Gaithersburg woman acquitted of murder-for-hire plot -- Gazette.Net







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The key questions in a Montgomery County courtroom last week were: How badly did Luisa Paiz want to hurt the father of her 14-year-old son? Was she guilty of attempted murder?

On Monday, a jury convicted Paiz of first-degree assault and conspiracy to commit assault, but acquitted her of attempted first-degree murder, solicitation to commit murder, and conspiracy to commit murder. Paiz is scheduled to be sentenced Dec. 18. She faces a maximum sentence of 45 years in prison.

Paiz had been charged with paying Khiry Blue $5,000 to kill Santiago Perez, the father of her 14-year-old son, with whom she had been long separated.

Paiz served in the Army with Blue in Texas and Afghanistan, and the two talked and became friends while working as aviation operations specialists, according to prosecutors.

When Blue was on leave, prosecutors said, he had driven from North Carolina, laid in wait in front of Perez’s Montgomery Village house, and then tried to strangle him to death.

But Paul Kemp and Tom DeGonia, who represented Paiz, argued in trial that Paiz had been “overcharged,” and that although she had paid Blue to assault her son’s father, she had never intended for Blue to do more than beat the man up.

In the one of the first days of Paiz’s trial, Paul Kemp said in court that she was not guilty of anything more than a second-degree assault charge.

“We’re satisfied with the verdict,” DeGonia said, in an interview. He said he thought Paiz was acquitted on the murder charges because the jury was skeptical of Blue’s testimony.

“I think the jury saw through Blue’s testimony for what it was, an effort to better his own position,” DeGonia said. DeGonia and Kemp repeatedly attacked Blue’s testimony, pointing out inconsistencies between the different stories he had told authorities before the trial, and used it to question his credibility as a witness in Paiz’s trial. They also played calls Blue had made while in jail in which he said he was not intending to kill Perez.

Blue pleaded guilty in front of Montgomery County Circuit Judge Richard Jordan in August to attempted murder, conspiracy to commit murder and assault charges in exchange for a “guideline” sentence, meaning he would be more likely to receive a sentence of between five to 10 years.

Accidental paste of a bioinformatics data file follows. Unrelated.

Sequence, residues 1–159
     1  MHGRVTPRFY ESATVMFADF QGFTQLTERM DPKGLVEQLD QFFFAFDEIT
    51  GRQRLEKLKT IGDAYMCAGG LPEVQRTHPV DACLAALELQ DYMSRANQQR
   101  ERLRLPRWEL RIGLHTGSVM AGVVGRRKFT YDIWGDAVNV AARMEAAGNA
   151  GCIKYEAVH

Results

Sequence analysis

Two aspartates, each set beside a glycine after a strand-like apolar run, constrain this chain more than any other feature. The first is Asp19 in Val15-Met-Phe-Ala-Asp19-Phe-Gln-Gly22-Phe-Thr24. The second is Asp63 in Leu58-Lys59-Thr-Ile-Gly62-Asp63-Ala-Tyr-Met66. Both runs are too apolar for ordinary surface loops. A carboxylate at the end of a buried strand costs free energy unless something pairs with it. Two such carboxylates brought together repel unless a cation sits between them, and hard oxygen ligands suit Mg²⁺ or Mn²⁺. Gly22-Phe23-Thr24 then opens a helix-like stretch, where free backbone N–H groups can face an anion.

Ramon Korionoff, spokesman for the States Attorney’s Office, disputed the notion that the case had been overcharged.

“This case was tried because we believe there was a plan hatched to get rid of [Perez]. ... The jury just came up with a verdict which was in line with what they thought this particular defendant was responsible for,” he said.

Korionoff said Paiz had been “held accountable” by the verdict.

Prosecutors argued in court that Paiz, 33, paid Blue to travel to Maryland while on leave and attack Perez.

The assault took place in the pre-dawn hours of June 25, 2012. In court, Blue testified that he had used the money that Paiz gave him to first visit friends in California, then flew to North Carolina. From there, he drove to Maryland and confronted Perez outside his home on Stedwick Avenue as Perez was leaving for work.

Blue testified that he forced Perez to a wooded area behind the man’s house, then tried to strangle and choke him.

He didn’t take any weapons, he said. Instead, he said, “I planned on strangling him.”

He threw some of the clothes he wore that day away because, he said, “I didn’t want to wear the same clothes I tried to kill someone in.”

But, despite that testimony, Blue also testified that he lied repeatedly about his actions to authorities and perjured himself when he pleaded guilty before Judge Jordan.

In explaining the lies, he said that he first had admitted only being paid to “rough him up.”

“It was better than saying I was going to kill [him],” Blue said.

“We got down to the truth after a couple of tries,” he said, prompting Paiz’s defense team to call for a mistrial, a motion Judge Cheryl McCally denied.

When Paul Kemp asked Blue why he was telling the truth — after admitting to telling different stories to investigators — Blue said, “Well, I prayed about it.”

Police traced the crime back to Blue from a call that he had made to Perez the morning of the attack; Blue said in court he had wanted to make sure he had the right address.

They also tied him to the gloves he used when he attacked Perez. Blue said they came off in the struggle, but had no memory of losing them.

Police said in court that they linked Blue to Paiz through phone records between the two.

Blue is scheduled to be sentenced Nov. 15.